For O’Reilly, it only took a tiny push from longtime Arsenal manager Arsène Wenger at a June charity soccer game called “Soccer Aid” for the retired mom to picture herself lacing up again. Pulling O’Reilly and Carli Lloyd aside, Wenger told the two former professional soccer players that if they wanted, they should continue to play.

Though O’Reilly said she thinks Wenger was largely joking, she gave his piece of advice serious consideration. O’Reilly approached junior forward Avery Patterson at one of UNC’s ID camps over the summer with the idea of unretiring.

“I told her that she just did American Ninja Warrior, I don’t see why she wouldn’t be able to unretire, honestly," Patterson said. "Even after having two kids, she’s still Heather O’Reilly, at the end of the day. It didn’t come as a shock to us at all."

In July, O’Reilly signed for Shels, as the club is colloquially known. After arriving in Ireland later that month, O’Reilly immediately started to "crank up" her training with several cone agility drills and sprints to get to work prepping for the team’s first Champions League match against Slovenia’s Pomurje on Aug. 18.

“It was just kind of surreal that all this talk about it for years and I thought that my career was done and it would be this elusive thing that I didn’t get to accomplish,” she said. “And then, here it is. It’s right in front of me to take part in and do. There’s definitely this surreal aspect to it.”

The next day, O’Reilly scored the game-winner against Pomurje — a header into the top left corner of the goal in just the fourth minute — to advance Shelbourne to the final game of the UWCL Round One. Three days later, a 3-0 loss to Iceland's Valur ended Shelbourne's Champions League run.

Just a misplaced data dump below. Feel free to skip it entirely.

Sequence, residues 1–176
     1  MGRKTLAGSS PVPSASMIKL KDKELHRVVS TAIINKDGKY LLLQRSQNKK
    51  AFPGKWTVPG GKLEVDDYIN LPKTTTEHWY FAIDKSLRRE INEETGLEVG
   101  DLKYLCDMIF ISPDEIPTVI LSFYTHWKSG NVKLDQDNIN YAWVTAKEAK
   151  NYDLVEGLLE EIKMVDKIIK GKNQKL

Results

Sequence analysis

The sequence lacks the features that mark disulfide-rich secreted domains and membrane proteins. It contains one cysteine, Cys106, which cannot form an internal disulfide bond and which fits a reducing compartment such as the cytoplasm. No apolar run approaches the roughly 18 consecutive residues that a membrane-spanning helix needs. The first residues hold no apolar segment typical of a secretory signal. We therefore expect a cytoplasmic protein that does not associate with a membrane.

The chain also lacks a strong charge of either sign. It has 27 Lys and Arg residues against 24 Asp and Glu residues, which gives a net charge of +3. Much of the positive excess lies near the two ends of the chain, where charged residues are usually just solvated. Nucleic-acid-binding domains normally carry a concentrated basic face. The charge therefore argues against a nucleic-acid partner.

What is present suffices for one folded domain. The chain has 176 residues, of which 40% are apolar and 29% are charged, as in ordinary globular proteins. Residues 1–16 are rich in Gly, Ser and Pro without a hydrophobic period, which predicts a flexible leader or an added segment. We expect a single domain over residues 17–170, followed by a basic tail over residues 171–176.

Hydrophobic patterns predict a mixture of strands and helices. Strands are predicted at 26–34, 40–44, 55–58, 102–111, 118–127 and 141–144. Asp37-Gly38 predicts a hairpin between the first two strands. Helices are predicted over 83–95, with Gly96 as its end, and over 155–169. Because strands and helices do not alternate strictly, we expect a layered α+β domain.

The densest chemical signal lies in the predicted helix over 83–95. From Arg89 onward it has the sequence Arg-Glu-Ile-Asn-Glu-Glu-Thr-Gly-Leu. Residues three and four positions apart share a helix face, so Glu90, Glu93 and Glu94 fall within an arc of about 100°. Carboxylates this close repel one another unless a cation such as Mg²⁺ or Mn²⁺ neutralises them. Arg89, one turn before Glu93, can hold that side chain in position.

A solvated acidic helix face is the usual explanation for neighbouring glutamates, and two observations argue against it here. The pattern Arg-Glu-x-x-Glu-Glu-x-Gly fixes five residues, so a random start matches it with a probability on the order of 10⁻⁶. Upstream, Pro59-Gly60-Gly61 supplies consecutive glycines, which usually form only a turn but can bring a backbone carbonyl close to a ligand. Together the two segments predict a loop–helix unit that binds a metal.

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O’Reilly has since returned to Chapel Hill and could be spotted on the sideline of UNC’s matchup against UCLA on Sunday. Despite a short-lived Champions League run, O’Reilly hopes that her experience can inspire her players.

“There’s going to be adversity, there’s going to be opposition, but if you want something bad enough, and you’re willing to put yourself out there, you can accomplish it,” she said. “So I think if I was able to inspire my players to go after whatever they want, even if other people might think it’s ridiculous or it’s impossible — just go do it. Just grab life. And I hope that they’ve seen that from me.”

To be clear, O’Reilly isn’t done just yet. She told ESPN’s Gwendolyn Oxenham that she may return to Shelbourne in September as a player-coach.

And if she laced up again, it wouldn’t come as a surprise to her players. At the end of the day, she’s still Heather O’Reilly.


@dthsports |

Shelby Swanson

Shelby Swanson is the 2023-24 sports editor at The Daily Tar Heel. She has previously served as an assistant sports editor and senior writer. Shelby is a junior pursuing a double major in media and journalism and Hispanic literatures and cultures.